If you own a business that you’re now running from home, there are definitely benefits to be had. Even if your business has taken a financial hit this year, by working closely with your accountant you may be able to take advantage of some of our pandemic financial tips for business owners.
Deducting home office space on tax returns
As a business owner, you can deduct a dedicated space (up to a certain square footage) as a home office on your tax return. You can also deduct home office related expenses like dedicated phone lines, wifi hookup, office furniture, computers (including webcams for Zoom meetings), and supplies.
Reducing travel expenses and time spent en route
How much is your time worth? Not having to drive to and from the office every day can save you hours every week–hours you can now designate to building your business. If your business is still running optimally, you’ll have extra time with your family!
Your employees will be invigorated without facing a long daily commute. Travel expenses will undoubtedly be greatly reduced since client meetings are now mostly virtual. If you usually travel around the country or world to do business, you’re saving the money you’d have potentially spent on: meals, airfare, baggage fees, rental cars, parking, subway tickets, hotel rooms, international cell phone roaming charges, tips for eligible services, and more.
Lowering your overhead costs
You may discover that your business doesn’t need a brick and mortar office space outside the home at all. The overhead of rent, utilities, and maintenance is a huge business expense. If you have a storefront, you may decide to move your business online and keep a smaller space for inventory storage.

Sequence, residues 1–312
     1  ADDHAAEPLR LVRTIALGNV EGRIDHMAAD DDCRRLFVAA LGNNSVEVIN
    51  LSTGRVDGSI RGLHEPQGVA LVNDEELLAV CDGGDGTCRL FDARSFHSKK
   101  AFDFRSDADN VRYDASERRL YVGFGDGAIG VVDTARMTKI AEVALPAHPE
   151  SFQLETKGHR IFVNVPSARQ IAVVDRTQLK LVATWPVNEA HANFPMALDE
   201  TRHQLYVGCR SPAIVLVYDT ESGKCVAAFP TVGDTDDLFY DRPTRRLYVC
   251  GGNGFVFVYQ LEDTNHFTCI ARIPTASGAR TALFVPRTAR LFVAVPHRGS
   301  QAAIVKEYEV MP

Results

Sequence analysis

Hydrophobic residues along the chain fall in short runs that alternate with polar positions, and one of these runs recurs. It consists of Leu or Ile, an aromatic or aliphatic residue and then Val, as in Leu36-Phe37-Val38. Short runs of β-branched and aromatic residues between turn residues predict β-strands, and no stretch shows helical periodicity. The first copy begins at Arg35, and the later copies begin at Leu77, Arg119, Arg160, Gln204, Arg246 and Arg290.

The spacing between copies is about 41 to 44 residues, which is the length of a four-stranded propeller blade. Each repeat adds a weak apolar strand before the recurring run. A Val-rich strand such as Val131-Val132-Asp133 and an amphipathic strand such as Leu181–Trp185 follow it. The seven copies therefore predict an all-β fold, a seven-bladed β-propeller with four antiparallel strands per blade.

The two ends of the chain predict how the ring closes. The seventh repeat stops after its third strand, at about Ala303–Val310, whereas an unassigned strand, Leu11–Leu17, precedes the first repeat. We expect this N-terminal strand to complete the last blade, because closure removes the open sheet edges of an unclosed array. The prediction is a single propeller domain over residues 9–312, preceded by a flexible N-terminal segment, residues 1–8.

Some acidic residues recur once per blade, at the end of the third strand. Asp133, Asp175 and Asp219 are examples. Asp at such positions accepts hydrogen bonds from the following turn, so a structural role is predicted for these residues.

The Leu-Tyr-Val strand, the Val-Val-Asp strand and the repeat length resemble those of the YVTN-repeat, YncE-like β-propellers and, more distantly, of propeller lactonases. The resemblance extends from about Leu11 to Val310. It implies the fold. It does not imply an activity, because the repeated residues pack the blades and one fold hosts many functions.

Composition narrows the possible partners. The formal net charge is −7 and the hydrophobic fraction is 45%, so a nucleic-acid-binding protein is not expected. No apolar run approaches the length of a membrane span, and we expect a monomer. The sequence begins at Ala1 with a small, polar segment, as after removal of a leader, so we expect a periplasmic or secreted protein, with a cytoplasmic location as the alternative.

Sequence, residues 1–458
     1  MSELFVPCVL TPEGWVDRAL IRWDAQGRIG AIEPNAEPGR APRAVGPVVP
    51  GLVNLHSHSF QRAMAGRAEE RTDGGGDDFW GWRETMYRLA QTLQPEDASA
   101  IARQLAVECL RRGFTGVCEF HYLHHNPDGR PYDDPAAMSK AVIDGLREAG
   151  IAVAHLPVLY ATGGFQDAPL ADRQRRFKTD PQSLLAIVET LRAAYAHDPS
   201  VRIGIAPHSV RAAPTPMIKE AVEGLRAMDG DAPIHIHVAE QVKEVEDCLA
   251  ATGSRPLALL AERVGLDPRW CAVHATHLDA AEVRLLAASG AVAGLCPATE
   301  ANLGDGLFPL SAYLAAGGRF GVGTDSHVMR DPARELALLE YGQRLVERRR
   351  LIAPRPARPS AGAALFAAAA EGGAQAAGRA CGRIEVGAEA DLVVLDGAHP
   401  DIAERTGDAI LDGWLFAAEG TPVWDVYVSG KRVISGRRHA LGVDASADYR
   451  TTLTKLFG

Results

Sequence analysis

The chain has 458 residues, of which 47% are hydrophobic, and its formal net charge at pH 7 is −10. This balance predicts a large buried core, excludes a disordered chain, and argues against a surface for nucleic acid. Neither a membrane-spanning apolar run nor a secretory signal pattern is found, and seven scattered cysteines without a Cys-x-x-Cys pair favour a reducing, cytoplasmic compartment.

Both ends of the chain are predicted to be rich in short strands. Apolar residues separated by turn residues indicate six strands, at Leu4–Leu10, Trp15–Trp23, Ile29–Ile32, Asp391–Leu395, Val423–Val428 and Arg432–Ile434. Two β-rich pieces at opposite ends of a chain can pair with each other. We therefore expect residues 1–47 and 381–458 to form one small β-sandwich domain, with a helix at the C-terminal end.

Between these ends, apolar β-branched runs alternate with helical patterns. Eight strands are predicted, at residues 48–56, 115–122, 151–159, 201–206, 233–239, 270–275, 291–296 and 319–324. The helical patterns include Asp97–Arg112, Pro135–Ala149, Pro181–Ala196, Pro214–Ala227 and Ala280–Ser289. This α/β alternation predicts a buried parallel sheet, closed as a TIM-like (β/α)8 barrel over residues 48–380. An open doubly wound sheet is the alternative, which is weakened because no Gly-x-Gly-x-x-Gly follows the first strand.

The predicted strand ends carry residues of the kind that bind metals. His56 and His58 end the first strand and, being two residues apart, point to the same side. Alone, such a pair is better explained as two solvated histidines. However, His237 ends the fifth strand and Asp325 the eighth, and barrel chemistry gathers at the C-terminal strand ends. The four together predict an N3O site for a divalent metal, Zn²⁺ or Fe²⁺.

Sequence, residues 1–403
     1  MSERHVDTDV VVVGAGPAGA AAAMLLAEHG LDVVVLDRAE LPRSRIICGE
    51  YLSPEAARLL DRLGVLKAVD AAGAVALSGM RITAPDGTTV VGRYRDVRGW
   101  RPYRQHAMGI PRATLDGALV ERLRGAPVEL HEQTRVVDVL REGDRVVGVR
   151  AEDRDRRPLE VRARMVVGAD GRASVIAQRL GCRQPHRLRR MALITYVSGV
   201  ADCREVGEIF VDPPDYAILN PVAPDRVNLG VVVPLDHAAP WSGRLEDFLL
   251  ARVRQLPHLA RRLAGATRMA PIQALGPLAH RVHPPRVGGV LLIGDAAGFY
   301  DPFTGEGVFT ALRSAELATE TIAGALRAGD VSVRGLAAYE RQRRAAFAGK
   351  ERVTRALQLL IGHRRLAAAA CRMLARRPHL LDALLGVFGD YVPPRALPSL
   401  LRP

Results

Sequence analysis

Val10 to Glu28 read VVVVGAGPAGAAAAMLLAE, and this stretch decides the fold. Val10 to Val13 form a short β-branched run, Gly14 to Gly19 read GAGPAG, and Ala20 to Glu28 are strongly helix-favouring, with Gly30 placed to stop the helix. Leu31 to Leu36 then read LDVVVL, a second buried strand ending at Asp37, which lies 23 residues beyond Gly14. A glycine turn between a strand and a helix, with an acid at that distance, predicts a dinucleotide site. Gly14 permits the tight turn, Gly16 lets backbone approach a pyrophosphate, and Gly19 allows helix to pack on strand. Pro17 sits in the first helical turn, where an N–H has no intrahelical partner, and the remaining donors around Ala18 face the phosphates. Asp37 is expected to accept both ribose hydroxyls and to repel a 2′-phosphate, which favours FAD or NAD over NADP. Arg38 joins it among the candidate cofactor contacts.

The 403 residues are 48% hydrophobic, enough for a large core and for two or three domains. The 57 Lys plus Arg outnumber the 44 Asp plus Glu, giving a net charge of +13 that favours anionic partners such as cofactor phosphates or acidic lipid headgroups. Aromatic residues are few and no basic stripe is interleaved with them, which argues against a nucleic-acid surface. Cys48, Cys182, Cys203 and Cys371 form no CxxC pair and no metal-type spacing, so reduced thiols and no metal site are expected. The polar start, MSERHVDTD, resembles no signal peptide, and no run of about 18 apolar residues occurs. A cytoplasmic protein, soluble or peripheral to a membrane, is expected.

Saving on expensive safety measures
You may have made the decision to move your company to virtual to keep your employees and customers safe during the COVID-19 pandemic. Doing business in-person right now means you would need to comply with state pandemic regulations. That may mean putting up plexiglass barriers, hiring cleaning crews, installing upgraded ventilation and filtration systems, and providing PPE for workers like masks, face shields, gloves, and regular COVID-19 testing.
Work shifts may have to be staggered and your employees may qualify for more overtime pay than usual if anyone gets sick and has to quarantine. The cost of opening may be more than it’s worth. Your accountant will be invaluable in determining whether you’re better off doing business in person or virtually.
Processing fewer cash transactions
If you do decide to open your business (even part time), it is helpful to have some cash on hand, but too many cash transactions make room for more bookkeeping errors. The push to digital currency automates your accounting and reduces opportunities for fraud and theft.
Halter CPA can help you get the most out of transitioning your business to a virtual workplace. We take a personal approach to your business and will help you determine your financial health going forward into the new year as we continue to face the consequences of COVID-19.